• One thing to note is that Taekwondo or Judo or Jiujitsu is more of a contact sport and not just about technique. As such they are more fun to learn as well, and also “toughens” up kids a lot more. I say this from personal experience. Perhaps others may disagree – but getting hit (Taekwondo) or held or flipped (Judo/Jiujitsu) in a structured but safe and full contact sport – is very important. It gives an outlet for energy, teaches kids how to take a hit and take a bit of pain with the right attitude, and also increases self-confidence. Just learning techniques/katas is not enough in my opinion (but maybe I am making some assumptions about Karate as I don’t know much about that sport – only Taekwondo).

        Liked by 1 person

  2. Awww little baby…Arjun too has gone through this bullying bit in the school bus, even in our building. I have intervened in both cases when things got out of hand. Sometimes kids do not realise what they are doing is incorrect, so someone needs to correct them. And that correction can only happen if elders (parents or teachers) are aware. SO i think more than your own son, you have probably helped the kids who were bullying Caleb.

    Arjun, even now is the shortest/tiniest kid in his class and he has been teased about his size ever since he was small. He doesn’t like it, although now it doesn’t bother him that he will be reduced to tears. So i guess as kids grow older they do get tougher and maybe then they become capable of “fighting their own battles.”

    Remember Alison as parents we are only as old as our eldest kid is. So this is as much our growing-up journey as it is theirs!

    Yeah and martial arts will be helpful. Pls enrol both your kids.

    Liked by 1 person

  3. You did the right thing Alison. C is too young and quite frankly I don’t think the year 1 boys would ever have listened to him. Let the school deal with it for now, there’s loads of time to give C the tools to deal with bullies when he understands it a bit better. Bless, my heart breaks for him and you.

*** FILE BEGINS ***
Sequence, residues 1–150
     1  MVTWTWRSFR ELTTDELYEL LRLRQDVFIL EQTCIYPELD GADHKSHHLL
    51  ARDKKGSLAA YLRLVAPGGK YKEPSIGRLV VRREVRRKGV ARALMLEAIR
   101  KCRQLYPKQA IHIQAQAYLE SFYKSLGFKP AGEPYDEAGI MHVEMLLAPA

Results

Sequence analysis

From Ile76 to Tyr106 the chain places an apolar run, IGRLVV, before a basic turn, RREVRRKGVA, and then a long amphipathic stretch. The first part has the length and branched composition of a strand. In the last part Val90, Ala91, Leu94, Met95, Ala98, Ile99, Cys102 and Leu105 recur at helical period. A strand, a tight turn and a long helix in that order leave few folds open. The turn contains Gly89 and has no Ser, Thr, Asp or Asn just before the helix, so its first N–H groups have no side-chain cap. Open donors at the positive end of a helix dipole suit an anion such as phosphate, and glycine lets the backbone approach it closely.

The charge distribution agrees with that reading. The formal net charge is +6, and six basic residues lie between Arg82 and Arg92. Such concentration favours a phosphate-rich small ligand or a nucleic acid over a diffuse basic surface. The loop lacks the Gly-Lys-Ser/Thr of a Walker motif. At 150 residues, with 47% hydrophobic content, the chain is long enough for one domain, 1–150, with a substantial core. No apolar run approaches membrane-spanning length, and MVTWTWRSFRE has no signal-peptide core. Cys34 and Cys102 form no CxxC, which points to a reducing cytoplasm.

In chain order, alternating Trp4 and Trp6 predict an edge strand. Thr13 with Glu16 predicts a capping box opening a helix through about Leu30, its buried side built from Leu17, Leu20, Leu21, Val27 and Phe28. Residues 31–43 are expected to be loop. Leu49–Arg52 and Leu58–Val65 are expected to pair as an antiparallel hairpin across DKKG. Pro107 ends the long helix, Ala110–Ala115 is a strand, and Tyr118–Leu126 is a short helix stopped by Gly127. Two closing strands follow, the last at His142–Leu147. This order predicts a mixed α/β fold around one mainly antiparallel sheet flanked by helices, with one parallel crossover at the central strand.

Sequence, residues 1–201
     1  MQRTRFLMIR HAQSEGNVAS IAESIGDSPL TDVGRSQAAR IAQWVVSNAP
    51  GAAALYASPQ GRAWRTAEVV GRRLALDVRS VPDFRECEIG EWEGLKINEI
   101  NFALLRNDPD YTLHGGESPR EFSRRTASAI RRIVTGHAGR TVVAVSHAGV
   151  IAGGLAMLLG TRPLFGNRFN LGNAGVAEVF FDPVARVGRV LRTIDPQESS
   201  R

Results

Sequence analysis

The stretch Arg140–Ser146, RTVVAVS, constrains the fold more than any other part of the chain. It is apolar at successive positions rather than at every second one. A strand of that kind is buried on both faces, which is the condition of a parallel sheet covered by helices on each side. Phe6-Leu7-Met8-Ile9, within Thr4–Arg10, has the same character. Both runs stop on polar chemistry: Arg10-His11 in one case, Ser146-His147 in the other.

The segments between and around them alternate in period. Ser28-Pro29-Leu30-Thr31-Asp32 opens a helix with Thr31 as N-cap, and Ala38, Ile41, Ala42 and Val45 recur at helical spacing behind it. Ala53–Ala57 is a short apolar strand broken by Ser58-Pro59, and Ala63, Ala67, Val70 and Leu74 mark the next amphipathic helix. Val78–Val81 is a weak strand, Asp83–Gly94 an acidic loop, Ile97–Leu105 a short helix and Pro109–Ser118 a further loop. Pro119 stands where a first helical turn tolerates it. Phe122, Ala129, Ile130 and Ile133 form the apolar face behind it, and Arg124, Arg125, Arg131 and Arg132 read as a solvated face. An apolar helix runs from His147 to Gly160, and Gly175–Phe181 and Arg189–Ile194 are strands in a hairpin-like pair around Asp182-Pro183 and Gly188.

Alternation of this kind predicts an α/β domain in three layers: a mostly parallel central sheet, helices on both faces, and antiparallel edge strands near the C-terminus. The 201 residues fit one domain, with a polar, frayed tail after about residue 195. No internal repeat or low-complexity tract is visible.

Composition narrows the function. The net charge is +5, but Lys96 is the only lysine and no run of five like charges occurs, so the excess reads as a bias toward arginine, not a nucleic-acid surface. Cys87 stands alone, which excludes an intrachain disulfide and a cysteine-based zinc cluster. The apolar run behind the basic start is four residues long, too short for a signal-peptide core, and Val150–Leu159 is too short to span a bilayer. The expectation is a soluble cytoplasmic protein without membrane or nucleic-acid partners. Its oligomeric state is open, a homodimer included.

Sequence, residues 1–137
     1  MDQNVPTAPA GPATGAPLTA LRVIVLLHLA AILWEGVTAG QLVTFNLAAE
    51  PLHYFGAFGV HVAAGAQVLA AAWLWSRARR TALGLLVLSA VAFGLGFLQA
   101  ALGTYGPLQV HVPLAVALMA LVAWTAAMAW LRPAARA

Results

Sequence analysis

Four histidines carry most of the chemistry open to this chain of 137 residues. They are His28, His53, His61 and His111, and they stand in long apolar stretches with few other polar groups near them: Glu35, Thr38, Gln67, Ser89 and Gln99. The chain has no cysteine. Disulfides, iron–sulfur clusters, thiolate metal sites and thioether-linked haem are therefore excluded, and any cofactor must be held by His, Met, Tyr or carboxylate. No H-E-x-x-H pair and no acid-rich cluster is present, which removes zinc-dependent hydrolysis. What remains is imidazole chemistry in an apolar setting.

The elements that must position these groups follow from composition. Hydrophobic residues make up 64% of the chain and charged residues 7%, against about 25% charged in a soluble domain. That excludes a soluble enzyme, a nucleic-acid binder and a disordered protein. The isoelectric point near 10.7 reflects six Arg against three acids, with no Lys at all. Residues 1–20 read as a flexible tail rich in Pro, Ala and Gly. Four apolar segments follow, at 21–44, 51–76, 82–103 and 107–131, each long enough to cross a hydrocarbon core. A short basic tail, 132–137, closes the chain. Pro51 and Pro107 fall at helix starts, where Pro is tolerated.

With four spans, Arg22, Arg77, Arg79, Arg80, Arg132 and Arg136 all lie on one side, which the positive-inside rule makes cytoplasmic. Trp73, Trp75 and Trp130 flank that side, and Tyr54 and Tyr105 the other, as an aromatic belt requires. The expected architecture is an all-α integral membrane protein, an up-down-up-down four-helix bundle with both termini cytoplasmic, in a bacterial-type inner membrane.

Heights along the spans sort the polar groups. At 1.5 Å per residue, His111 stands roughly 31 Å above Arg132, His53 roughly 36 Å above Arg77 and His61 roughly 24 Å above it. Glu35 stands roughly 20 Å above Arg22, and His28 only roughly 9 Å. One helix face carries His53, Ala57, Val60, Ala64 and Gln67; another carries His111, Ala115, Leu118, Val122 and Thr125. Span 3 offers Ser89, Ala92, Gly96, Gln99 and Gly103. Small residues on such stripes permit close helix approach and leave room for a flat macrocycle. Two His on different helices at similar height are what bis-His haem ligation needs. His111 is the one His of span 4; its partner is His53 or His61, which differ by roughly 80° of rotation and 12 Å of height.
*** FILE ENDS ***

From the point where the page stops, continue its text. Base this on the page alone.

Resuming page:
Liked by 1 person

  4. I think you did the right thing. And the result was the best result really. They were doing the wrong thing and they needed to be corrected. That’s what being a child is like isn’t it i.e. being given limits? The best gift you can give to kids is to teach them to become good adults with a good moral compass.

    Liked by 1 person

    • Yes Lorraine, you got it right when you mentioned the good moral compass. More than being wealthy or famous or successful in the eyes of the world, I want my kids to be inherently good individuals who treat others with kindness and respect.


  5. Don’t ever second guess yourself, C is too little to fight back and a little help on his way up builds greater trust in you. I’ve always listened to my kids and stood up for them, its mommy instinct after all. !

    Liked by 1 person

    • Cherie, at times like these, I wish Lols and you were here with me to have these conversations. You’re right about our kids trusting in us – I was surprised C didn’t tell me immediately.


  6. Of course you did the right thing. These bigger kids are probably the result of bullying when they were in kindy (for whatever reason) and now they have been shown that it’s not fair or acceptable to treat someone this way. If my son was the in the wrong, I would want to know – it’s a teaching moment. It wouldn’t be ok for adults to do that and it’s not ok for kids. C will be just fine.

    Liked by 1 person